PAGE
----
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Today's rhaps is on ... St. Thaney

St. Thaney - Protector of the Abused

St. Thaney of Wales and Scotland was only eleven when she was thrown off a cliff by her parents to die, hurled from rugged Trapain Law near Haddington, East Lothian, into the cold North Sea. By her parents. Her own parents.

Blamed and shamed for her pregnancy, mercy would indeed have let her die, a kinder death releasing forever the pain of human hatred. For when that hatred comes from one's own family, it is exponentially magnified. Honor killings may indeed be less cruel than their survival. If they be quick.

Not all cultures kill you for disgracing the family. Protestant families don't kill you, for example, at least not all at once. Instead of sudden death or Catholic absolution, what is dealt is rather perpetual shame and eternal blame, a lifetime of "othering" or outright ostracizing. This is considered superior to killing one's girlchild. It's a slower death, like a virus planted at the base of your spine, an incurable condition. It is, in other words, life without parole.

Surviving trauma may be bleak, unless both an honest acknowledgment of one's innocence is paired with a new kindness towards one's person. In St. Thaney's story, a coracle, "a wee boat without rudder or oars," carried her through choppy waters to a new family of life and joy, where she and baby were taken in, loved, and thereby fully healed.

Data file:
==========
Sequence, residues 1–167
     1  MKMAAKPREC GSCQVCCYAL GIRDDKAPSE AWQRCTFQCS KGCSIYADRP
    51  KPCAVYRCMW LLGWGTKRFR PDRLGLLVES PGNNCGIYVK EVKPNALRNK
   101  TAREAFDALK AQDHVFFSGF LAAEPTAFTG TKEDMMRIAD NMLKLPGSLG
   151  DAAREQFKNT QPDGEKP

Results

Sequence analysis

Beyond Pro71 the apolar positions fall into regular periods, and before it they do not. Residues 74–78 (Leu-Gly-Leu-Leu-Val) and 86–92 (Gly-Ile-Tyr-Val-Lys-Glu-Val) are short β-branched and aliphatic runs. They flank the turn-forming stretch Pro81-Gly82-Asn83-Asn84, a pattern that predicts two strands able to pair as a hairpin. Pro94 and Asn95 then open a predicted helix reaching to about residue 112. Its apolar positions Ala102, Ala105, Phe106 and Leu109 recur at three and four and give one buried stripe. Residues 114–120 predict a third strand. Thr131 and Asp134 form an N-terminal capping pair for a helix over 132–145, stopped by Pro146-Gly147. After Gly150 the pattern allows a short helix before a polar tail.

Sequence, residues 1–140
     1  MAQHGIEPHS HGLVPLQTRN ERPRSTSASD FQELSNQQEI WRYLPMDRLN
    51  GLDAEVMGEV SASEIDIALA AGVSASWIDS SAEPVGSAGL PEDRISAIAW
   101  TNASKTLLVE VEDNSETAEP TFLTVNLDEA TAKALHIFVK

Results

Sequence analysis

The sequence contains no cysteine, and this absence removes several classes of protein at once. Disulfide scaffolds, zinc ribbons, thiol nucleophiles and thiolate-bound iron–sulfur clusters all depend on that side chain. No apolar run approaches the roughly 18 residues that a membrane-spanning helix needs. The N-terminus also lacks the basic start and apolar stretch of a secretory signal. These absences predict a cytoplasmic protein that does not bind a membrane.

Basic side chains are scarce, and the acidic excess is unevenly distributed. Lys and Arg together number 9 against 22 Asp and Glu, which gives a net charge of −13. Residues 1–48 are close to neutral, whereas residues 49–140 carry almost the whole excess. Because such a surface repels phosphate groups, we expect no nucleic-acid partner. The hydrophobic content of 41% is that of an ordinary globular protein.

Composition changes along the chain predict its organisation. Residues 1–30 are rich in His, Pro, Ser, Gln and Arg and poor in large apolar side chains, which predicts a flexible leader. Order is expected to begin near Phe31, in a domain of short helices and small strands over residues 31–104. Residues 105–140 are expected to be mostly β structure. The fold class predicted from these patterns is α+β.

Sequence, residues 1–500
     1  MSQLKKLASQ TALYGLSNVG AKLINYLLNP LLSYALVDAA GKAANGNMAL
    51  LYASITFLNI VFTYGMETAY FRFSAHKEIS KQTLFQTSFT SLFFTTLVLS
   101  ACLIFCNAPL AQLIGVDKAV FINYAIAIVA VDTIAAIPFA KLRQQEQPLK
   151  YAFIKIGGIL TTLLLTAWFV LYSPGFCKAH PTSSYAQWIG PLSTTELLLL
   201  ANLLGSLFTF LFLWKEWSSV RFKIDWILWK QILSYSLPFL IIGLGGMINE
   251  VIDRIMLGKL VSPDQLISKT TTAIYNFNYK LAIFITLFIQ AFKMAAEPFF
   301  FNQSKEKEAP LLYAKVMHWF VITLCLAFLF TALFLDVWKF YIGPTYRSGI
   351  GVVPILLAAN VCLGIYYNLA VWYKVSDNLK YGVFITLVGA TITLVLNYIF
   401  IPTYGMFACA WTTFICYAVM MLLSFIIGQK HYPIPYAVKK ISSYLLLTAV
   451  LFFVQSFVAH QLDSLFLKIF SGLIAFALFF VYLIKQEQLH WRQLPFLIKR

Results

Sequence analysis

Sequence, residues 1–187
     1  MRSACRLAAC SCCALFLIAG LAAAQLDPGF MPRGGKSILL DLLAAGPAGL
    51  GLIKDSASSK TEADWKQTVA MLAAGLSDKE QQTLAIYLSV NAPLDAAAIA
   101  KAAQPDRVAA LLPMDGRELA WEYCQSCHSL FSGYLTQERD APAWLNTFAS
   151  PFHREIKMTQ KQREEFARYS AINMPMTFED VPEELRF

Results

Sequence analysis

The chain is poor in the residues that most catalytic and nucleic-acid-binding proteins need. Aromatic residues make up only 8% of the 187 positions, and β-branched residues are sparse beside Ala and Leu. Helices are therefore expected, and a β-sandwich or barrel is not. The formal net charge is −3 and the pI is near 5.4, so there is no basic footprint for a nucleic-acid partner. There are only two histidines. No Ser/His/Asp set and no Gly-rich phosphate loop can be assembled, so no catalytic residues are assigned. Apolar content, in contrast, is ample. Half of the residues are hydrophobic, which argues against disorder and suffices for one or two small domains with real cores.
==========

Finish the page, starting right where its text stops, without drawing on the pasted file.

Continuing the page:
Today honor killings continue, all over our globe. According to the UN, 5000 women die every year in honor killings perpetuated by family members.

Syrian artist Fadia Affash depicts the humiliation, horror, and survival of this trauma in her Interrogation, Honor Crime, and Transformation:

I find in her Transformation a profound message of hope, deep within this world of despair.

What in us continues to live and breathe, nurtures and heals our broken hearts.

For when we survive, we are the hope.

When we survive, like St. Thaney, we are testimony to a truth larger than hatred, a courage larger than the fear, a reality larger than the tribe.

And like St. Thaney's coracle, "a wee boat without rudder or oars," may we be carried through choppy waters to a new life, a new family of joy, where healing and love can grow again.

11 November 2021

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